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On June 22, 2015, the United States Supreme Court issued its decision in Kimble v. Marvel Entertainment, LLC
, 576 U. S. ____ upholding a long-standing 50-year rule from Brulotte v. Thys Co., 379 U.S. 29 (1964) that prevents a patentee from receiving royalties for sales made after the patent’s expiration, which is typically 20 years from the filing of the patent application. In the 6-3 ruling authored by Justice Elena Kagan, the Court recognized that royalties payable by Marvel to Kimble for a patent supporting Marvel’s Spider-Man franchise “endow[ed its] holder with certain superpowers, but only for a limited time.” Kimble
at 3. In the words of Justice Kagan, discussing the Brulotte
rule, “The decision is simplicity itself. A court need only ask whether a licensing agreement provides royalties for post-expiration use of a patent. If not, no problem; if so, no dice.” Id
. at 12. Though Kimble
does not mark a change in the law, it is notable in that the Court acknowledged the law may be wrong, but there exists no “superspecial justification” to reverse Brulotte
and only Congress can change the rule against post-expiration royalties.
In 1991, Stephen Kimble received U. S. Patent No. 5,072,856 (“the ‘856 Patent”) on a glove that allows a person to shoot pressurized foam string from the palm of the hand, thus imitating Spider-Man shooting a web from his palm. In 1997, Kimble sued Marvel for use of the technology embodied in the ‘856 Patent without his permission. In settling that litigation, the parties agreed that Marvel would purchase Kimble’s patent in exchange for a lump sum and a royalty on Marvel’s future sales of its Web Blaster. The parties set no end date for royalties.
In 2010, Marvel sought a declaration in Arizona District Court confirming that the company could cease paying royalties in 2010—the end of Kimble’s patent term. The Arizona court sided with Marvel, holding that Brulotte made “the royalty provision . . . unenforceable after the expiration of the Kimble patent.” 692 F. Supp. 2d 1156, 1161 (Ariz. 2010). The Court of Appeals for the Ninth Circuit affirmed, despite admonishing the Brulotte rule as “counterintuitive and its rationale [as] arguably unconvincing.” 727 F. 3d 856, 857 (2013).
Wrong Law is Better Than Unsettled Law
While recognizing that stare decisis “means sticking to some wrong decisions,” the Court believes it is “more important that the applicable rule of law be settled than that it be settled right.” Id. at 7. The Court relied heavily on the idea that today’s Court should stand by yesterday’s decisions—an idea called stare decisis—because it affords parties with consistent and predictable rules and protects existing agreements written with Brulotte in mind. Id. at 7. However, the dissent argued that the status quo harms competition and can unduly punish a patent holder and potential licensees. For example, technology disclosed in a patent may be years—or even decades—away from being part of a marketable product, thus constraining or eliminating the ability to recoup investment. Moreover, a potential licensee may want to avoid early outlays of capital while determining the viability of a technology. The Brulotte rule, the dissent argued, strips private parties of its expectations while disallowing licensees to spread their costs and patent holders to capitalize on slow developing inventions.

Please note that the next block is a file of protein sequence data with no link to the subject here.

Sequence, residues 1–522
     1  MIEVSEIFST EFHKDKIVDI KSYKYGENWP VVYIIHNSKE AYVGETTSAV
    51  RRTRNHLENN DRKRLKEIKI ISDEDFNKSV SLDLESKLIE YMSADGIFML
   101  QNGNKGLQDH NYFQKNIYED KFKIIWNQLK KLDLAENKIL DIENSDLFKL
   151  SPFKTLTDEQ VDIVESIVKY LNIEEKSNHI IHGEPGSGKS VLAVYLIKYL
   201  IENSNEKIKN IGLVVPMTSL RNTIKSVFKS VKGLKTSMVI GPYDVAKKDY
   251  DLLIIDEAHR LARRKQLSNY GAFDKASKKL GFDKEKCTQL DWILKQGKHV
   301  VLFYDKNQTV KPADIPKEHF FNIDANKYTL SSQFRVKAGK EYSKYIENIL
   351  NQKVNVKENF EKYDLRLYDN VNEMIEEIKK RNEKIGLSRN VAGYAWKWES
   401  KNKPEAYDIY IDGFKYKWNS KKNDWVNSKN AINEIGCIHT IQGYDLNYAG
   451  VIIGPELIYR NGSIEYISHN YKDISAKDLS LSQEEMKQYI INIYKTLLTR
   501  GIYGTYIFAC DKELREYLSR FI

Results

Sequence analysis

To support its decision to uphold Brulotte, however, the Court listed several ways parties could structure agreements to get around the rule, including (1) deferring payments for use during the patent term by amortizing or delaying some payments; (2) structuring agreements to include multiple patents, some of which run longer than others; (3) structuring agreements such that they involve a non-patent right—even when closely related to a patent—including trade secrets; or (4) entering a joint venture that allocates risks and rewards among parties. There is precedent to such deals. For example, in Aronson v. Quick Point Pencil Co., 440 U.S. 257 (1979), the Court upheld a clause that reduced the royalty payment in a licensing deal if the subject patent application never issued. In that case, the Court found that the role the pending application played in the negotiation of the higher royalty played no part in the contract to pay the lower royalty indefinitely. In Richardson v. Suzuki Motor Co., Ltd., 868 F.2d 1226 (Fed. Cir. 1989), the Federal Circuit upheld a clause that limited use or disclosure of trade secrets in the form of “technical information, know-how, inventions, use data, and design specifications.” Similarly, in Universal Gym Equipment v. ERWA Exercise Equipment, 827 F.2d 1542 (Fed. Cir. 1987), the Federal Circuit upheld a clause to limit the use of “features, designs, technical information, or know-how.”
Moreover, parties can avoid the Brulotte rule by using creativity to draft license agreements. For example, changing the royalty rate in response to an event other than one triggered by a patent may be enough to get around Brulotte. Finally, relating a rate to disclosure of information for the most efficient use of a technology embodied in a patent also may be enough. In the end, an agreement that goes beyond merely having a license to a patent will likely comply with the Brulotte/Kimble rule.
For more information on the matters discussed in this Locke Lord QuickStudy, please contact the authors.